Enter / Exit signs (mean "go in that way, don't go that way...")
Open / Closed sign (means a store is open or closed?)
--maybe I'm overestimating three year old comprehension on those two, if they wouldn't be reading signs yet/these examples aren't abstract enough...

Red means hot, blue means cold
Triangle means play, square means stop or two-dashes mean pause
posted by dahliachewswell at 2:22 PM on June 25, 2013


Kids with iPads know that check mark means yes/good/ok and X means no/wrong/cancel.
posted by xo at 7:38 PM on June 25, 2013


I worked in a kindergarten lunchroom for a while this year, and I am proud to have taught 26 little kids, and many of them only 3, to open thermoses, water bottles and Yops with "Righty Tighty, Lefty Loosey."
posted by peagood at 7:43 PM on June 25, 2013 [2 favorites]


(Oh! And you can tell which side is left, because that hand makes an "L" when you hold it up with the thumb out. Sadly, the right hand does not make an "R", but still - L for Left is pretty helpful!)
posted by peagood at 8:03 PM on June 25, 2013 [1 favorite]


Put your hand on the car while I unlock it and open the door (to keep him from wandering around when we are in a parking lot and my eyes may be temporarily averted).
posted by vignettist at 8:50 PM on June 25, 2013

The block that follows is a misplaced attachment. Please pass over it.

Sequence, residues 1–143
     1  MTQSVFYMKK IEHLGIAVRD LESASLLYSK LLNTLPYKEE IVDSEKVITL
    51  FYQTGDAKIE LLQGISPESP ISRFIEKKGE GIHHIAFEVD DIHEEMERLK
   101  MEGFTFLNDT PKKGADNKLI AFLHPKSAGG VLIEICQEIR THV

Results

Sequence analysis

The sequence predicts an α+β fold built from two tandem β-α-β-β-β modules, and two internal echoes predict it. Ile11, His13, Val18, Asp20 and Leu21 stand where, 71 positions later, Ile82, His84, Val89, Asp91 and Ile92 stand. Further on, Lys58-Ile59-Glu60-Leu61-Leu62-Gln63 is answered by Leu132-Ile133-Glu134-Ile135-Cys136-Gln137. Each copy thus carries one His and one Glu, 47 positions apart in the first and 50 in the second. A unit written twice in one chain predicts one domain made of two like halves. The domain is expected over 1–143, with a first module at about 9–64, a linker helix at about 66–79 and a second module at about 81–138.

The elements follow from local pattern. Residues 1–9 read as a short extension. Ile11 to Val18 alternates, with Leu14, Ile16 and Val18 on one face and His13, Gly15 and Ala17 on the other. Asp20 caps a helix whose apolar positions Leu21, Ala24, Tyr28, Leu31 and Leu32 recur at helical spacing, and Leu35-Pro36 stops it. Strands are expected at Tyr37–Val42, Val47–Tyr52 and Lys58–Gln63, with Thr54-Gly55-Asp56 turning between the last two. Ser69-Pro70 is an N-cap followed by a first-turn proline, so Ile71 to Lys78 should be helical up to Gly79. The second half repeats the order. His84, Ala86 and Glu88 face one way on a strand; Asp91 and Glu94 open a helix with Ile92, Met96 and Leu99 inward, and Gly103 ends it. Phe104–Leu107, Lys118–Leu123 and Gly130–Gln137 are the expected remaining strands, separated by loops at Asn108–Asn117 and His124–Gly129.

"We have to find a way for everyone to play" as the warning and if this is not followed, then "____ is not play, now you have to stay" (___ can be any behavior that is not wanted: hitting, pushing, biting, etc; "stay" is time out)

I am not sure what you are using this for but I think songs are better than sayings for getting little ones to do an action, and just as embarrassing when they get older.

"Clean up, clean up, everybody, every where, Clean up, Clean up, everybody do their share."

"Rise and shine and give god your glory, glory"

"let's go riding in the car, car"
posted by mutt.cyberspace at 8:14 PM on June 26, 2013


Chairs are for sitting, floors are for standing.

(In other words, don't stand on your chair. Sit down please.)
posted by alms at 7:13 PM on June 29, 2013


« Older Where can I read the diary of charles whitman the...   |   Decent double entry bookkeeping accounting... Newer »
This thread is closed to new comments.